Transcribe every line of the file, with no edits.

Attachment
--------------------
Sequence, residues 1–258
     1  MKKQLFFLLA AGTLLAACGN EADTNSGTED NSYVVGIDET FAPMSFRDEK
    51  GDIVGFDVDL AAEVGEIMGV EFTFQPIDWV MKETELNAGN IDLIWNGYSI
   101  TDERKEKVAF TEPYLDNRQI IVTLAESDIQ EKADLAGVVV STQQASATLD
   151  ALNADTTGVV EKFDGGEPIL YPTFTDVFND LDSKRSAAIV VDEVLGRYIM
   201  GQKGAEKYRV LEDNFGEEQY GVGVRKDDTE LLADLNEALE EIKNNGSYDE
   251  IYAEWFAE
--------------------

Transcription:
Sequence, residues 1–258
     1  MKKQLFFLLA AGTLLAACGN EADTNSGTED NSYVVGIDET FAPMSFRDEK
    51  GDIVGFDVDL AAEVGEIMGV EFTFQPIDWV MKETELNAGN IDLIWNGYSI
   101  TDERKEKVAF TEPYLDNRQI IVTLAESDIQ EKADLAGVVV STQQASATLD
   151  ALNADTTGVV EKFDGGEPIL YPTFTDVFND LDSKRSAAIV VDEVLGRYIM
   201  GQKGAEKYRV LEDNFGEEQY GVGVRKDDTE LLADLNEALE EIKNNGSYDE
   251  IYAEWFAE